Nonprofit, independent journalism. Supported by readers.


In Ukraine, both sides go feral

SARAJEVO, Bosnia-Herzegovina — Kiev and Moscow are indulging in nationalist rhetoric that sounds unnervingly similar to the build-up to the tragic Balkan conflict of the 1990s.

Russian President Vladimir Putin chairing a Russian government meeting in the Novo-Ogaryovo residence outside Moscow on Wednesday.
REUTERS/Alexei Druzhinin/RIA Novosti/Kremlin

SARAJEVO, Bosnia-Herzegovina — As the crisis in Ukraine has unfolded, I have followed the events from a city that knows the price of ethnic and nationalist conflict in post-Cold War Eastern Europe — Sarajevo.

This town lives in the past. From its perspective, the media coverage of events in Ukraine and Russia read like a familiar script: Well-armed, uniformed and “volunteer” militias appear on the scene to defend national compatriots who have found themselves in the post-Cold War era suddenly a threatened minority within the boundaries of a new country. A powerful protector across the border vows that it will protect its own. Nationalist fervor inflames the media coverage. A war looms.    

A similar script played out in Bosnia more than 20 years ago. This week, a small cast of characters left over from the Bosnian version have come out as among the few international supporters of Russian President Vladimir Putin’s tactics in Ukraine. On Monday, Serbs mounted a demonstration in support of the Russians in the western Bosnian city of Banja Luka. Its population today is a product of Serbian sponsored ethnic cleansing in the 1990s that changed this once ethnically diverse city into a virtually all-Serbian enclave. The demonstrators picked up the rhetoric of Russian demonstrators in the Crimea pledging to fight “the continuation of Nazi policies in Ukraine.” Similar demonstrations are planned for Belgrade and Montenegro.

In the Ukrainian crisis today, both sides have gone feral.

Key law revoked

The new government in Kiev acts as if it wants to feed the testosterone of Russian nationalism. Kiev has pleaded for NATO intervention and promised to take steps to accelerate its eventual membership in the alliance. Despite criticism from EU nations, the new government has revoked a crucially important law that allowed for the use of both Ukrainian and Russian as official languages and was indispensable to ethnic peace in the Russian-speaking regions of eastern Ukraine.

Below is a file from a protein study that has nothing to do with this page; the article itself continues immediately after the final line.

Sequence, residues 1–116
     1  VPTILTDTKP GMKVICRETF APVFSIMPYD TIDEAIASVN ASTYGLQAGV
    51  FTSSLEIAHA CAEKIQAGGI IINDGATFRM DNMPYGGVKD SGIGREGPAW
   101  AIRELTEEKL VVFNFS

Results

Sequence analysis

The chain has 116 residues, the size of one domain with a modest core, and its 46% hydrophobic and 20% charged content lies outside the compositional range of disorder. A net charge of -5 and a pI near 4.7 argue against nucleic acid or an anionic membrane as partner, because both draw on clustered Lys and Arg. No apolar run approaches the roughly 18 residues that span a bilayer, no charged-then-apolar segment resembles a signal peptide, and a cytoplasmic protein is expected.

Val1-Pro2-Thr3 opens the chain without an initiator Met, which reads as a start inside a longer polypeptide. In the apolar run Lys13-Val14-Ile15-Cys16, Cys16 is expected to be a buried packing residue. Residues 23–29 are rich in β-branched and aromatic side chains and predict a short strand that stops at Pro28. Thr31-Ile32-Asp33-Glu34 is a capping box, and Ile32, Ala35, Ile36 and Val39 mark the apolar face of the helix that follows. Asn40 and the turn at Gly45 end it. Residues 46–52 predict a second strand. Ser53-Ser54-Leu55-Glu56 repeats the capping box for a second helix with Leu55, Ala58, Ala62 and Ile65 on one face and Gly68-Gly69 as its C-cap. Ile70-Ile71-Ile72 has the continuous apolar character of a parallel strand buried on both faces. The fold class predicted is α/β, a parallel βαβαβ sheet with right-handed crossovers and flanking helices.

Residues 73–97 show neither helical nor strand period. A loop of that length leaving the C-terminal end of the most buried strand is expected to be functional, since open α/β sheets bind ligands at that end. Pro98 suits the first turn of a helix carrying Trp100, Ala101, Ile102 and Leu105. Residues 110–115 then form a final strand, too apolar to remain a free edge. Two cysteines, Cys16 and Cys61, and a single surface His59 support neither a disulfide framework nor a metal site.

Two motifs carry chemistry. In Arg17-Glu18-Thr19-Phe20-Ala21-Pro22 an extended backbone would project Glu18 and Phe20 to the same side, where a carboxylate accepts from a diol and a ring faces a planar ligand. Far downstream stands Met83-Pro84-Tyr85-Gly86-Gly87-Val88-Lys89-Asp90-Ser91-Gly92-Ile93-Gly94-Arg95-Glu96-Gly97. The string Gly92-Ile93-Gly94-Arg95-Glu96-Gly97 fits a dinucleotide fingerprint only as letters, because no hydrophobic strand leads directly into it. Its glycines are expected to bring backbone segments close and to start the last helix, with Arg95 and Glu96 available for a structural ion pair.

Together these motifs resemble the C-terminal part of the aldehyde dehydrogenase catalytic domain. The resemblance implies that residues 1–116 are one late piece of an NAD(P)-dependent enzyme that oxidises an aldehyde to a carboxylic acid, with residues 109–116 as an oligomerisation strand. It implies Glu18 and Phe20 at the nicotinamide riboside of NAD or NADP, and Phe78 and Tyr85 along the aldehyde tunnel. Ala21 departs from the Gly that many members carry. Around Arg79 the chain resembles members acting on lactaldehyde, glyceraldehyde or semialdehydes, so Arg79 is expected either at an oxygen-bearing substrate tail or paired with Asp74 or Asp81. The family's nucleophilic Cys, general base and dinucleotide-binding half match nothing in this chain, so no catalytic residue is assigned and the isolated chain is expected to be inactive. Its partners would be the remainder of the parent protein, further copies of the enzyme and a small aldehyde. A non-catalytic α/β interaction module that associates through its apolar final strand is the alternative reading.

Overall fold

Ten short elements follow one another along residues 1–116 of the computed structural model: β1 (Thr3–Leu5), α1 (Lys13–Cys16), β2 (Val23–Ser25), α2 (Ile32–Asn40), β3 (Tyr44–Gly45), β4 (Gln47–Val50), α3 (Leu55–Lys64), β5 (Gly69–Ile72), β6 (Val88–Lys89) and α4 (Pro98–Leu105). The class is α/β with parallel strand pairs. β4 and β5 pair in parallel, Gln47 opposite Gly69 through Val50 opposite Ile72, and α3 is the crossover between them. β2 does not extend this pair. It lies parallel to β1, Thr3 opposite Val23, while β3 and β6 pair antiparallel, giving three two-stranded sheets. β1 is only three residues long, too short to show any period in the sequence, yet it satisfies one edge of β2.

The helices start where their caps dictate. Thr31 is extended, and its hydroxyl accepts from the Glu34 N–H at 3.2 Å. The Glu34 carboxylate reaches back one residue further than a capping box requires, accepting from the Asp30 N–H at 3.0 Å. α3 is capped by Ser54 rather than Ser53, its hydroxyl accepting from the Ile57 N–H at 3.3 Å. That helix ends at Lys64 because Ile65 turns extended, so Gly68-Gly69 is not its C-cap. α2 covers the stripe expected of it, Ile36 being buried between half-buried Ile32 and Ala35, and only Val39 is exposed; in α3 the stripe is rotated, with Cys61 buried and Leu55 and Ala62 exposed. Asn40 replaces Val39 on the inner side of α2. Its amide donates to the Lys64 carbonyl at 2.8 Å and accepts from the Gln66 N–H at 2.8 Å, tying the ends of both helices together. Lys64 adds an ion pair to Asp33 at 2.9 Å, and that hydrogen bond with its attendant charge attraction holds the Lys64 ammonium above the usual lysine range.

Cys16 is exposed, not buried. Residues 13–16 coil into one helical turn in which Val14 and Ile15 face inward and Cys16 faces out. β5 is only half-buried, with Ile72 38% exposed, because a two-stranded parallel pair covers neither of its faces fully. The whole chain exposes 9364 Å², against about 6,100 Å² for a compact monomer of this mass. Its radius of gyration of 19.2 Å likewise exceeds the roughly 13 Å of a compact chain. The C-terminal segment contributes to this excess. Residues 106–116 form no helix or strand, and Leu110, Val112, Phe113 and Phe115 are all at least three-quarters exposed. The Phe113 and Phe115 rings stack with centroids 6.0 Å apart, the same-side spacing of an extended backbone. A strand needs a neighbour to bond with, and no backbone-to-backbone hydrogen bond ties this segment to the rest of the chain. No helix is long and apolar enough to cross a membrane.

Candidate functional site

Article continues after advertisement

Above all else, the leadership in Kiev has failed to distance itself from its former allies in the street demonstrations among the ultra-right nationalists and, especially, the neo-Nazi Svoboda (Freedom) Party. The fourth largest party in the country, Svoboda has marched with banners in praise of Stepan Bandera (1909-59), a Nazi collaborator in WWII, and laced its public rhetoric with anti-Semitism, discrimination against the Roma and threats of violence.

Putin’s conduct

Putin’s conduct seems to demonstrate the truth of his remark in 2006 that “there is no such thing as a former KGB agent.” In his press conference Tuesday, he still insists that the heavily armed and uniformed militia in Crimea are only local “volunteers,” not Russian troops. His justification for the intervention — that he was responding to a written request by ousted Ukrainian President Anatoly Yanukovich for Russian military intervention — invites comparisons to Soviet President Leonid Brezhnev’s rationale for the Soviet invasion of Czechoslovakia in 1968.

Although Putin continues to refer to Yanukovich as the “legitimate” president of Ukraine, the Russian president in Tuesday’s press conference appeared to have thrown him under the bus of political expediency. As Roger Cohen pointed out in a commentary for The New York Times, the most effective argument against Putin’s actions in Ukraine would be to quote back to him his own words that he published last September in The Times:  “preserving law and order in today’s complex and turbulent world is one of the few ways to keep international relations from sliding into chaos.”

The media and punditry ridiculed an earlier U.S. president for offering what in retrospect was very prudent advice. Speaking in Kiev on Aug. 1, 1991 — the eve of the collapse of the Soviet Union — President George H. W. Bush warned of the dangers of “suicidal nationalism.” Within a year, the wars of the former Yugoslavia validated his warning of what dangers lay ahead in in post-Cold War Eastern Europe.

Kiev and Moscow are indulging today in nationalist rhetoric that sounds unnervingly similar to the build-up to the tragic Balkan conflict of the 1990s.